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Kevin Gausman pitches gem, but Orioles lose 5-2 to Tigers on eighth-inning grand slam

Orioles reliever Mychal Givens went over a month without allowing a run before a grand slam by Detroit Tigers outfielder Justin Upton in the eighth inning turned a one-run Orioles lead into a 5-2 loss Friday night at Camden Yards.

The Orioles dropped their second straight game to fall to 53-56.

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The first two batters Givens (7-1) faced — catcher James McCann and shortstop José Iglesias — sliced singles to right field, and after Givens walked right fielder Jim Adduci with one out, Upton hit the first pitch he saw out to left field.

"Unfortunately, one got a lot of the plate there with the left fielder, Upton," manager Buck Showalter said. "But he's been throwing as good as anybody. You put a long list of [top] relievers together, he's right there with them. But tonight just bit him. There's a lot more to that game."

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Said Givens: "First two guys got little bloop singles and they started a rally. That kind of gave them the momentum, getting those two guys on. ... It was a pitch I thought I could have got over. But he's a good hitter. He's a hot hitter right now. He's one of the top hitters in the league for a reason. He hit a good pitch, and it went out."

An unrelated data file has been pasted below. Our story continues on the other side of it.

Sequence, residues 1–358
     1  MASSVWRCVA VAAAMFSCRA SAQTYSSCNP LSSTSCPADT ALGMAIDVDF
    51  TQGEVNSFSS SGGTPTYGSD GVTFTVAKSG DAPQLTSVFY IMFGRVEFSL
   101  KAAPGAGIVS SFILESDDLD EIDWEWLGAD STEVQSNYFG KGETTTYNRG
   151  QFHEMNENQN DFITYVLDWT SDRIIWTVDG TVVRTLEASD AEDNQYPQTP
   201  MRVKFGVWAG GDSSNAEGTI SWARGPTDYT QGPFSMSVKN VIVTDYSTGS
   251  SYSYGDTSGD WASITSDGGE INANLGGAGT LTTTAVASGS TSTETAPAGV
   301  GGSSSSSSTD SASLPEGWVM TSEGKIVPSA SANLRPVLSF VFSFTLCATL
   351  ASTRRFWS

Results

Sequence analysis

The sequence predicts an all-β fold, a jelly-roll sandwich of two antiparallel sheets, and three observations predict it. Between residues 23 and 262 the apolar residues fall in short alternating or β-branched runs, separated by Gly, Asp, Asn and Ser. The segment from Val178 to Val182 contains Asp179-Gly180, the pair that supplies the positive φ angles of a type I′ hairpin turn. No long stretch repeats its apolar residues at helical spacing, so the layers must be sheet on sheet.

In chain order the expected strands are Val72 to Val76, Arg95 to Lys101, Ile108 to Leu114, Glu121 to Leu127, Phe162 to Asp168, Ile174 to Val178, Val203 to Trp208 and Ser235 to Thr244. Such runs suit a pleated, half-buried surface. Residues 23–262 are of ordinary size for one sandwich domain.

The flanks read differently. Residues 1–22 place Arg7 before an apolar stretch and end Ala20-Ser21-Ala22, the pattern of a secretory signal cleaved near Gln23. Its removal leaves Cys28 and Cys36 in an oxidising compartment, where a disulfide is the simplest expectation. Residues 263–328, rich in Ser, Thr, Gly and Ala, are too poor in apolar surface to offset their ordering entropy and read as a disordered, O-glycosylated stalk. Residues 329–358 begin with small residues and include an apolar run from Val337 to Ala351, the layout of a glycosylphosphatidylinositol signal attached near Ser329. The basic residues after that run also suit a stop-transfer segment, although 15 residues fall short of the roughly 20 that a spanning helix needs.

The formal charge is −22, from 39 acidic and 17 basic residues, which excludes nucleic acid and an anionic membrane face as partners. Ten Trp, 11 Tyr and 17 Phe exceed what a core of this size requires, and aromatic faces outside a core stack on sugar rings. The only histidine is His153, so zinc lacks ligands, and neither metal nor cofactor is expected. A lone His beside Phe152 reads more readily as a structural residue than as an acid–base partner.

Before that, the Orioles had gotten the type of pitching they've expected from right-hander Kevin Gausman all season, even if he's only just begun to deliver it consistently.

Gausman continued his midseason renaissance with seven innings of three-hit, one-run ball to deliver the game to the bullpen with the Orioles holding a 2-1 lead.

Chris Tillman continues to struggle, leaving club with few options other than relief role

Gausman, coming off a career-long 8 2/3 innings of scoreless ball Saturday night at the Texas Rangers, allowed a home run to Adduci with one out in the first inning, and saw Upton double immediately after it, but got out of the jam with just the one run in. Only one Tiger went past first base against him the rest of his day.

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"I was thinking watching [Justin] Verlander and him both, they gave up home runs and the next pitch were strikes and they get right back in it where you see a lot of guys let it get away from them a little bit emotionally," Showalter said. "Kevin looked every bit the part as Verlander did tonight."

Gausman's pitch count was run up by problems with two strikes — 39 of his first 79 pitches came in two-strike counts — but he still managed to get through seven innings allowing just three hits and a walk while striking out eight.

"I think they just did a really good job of fouling off good pitches," Gausman said. "I would get to two strikes then miss location, and good pitches I'd throw would be a foul ball. They did a good job battling me. But they also helped me out a couple times, swinging at the first pitch and getting some quick outs, too. That definitely allowed me to go deeper."

Gausman had a 6.39 ERA after getting bombed by the Chicago Cubs on the first day of the second half of the season, but since then has allowed two runs on 19 hits with 32 strikeouts against nine walks over four starts to lower his ERA to 5.15 on the season.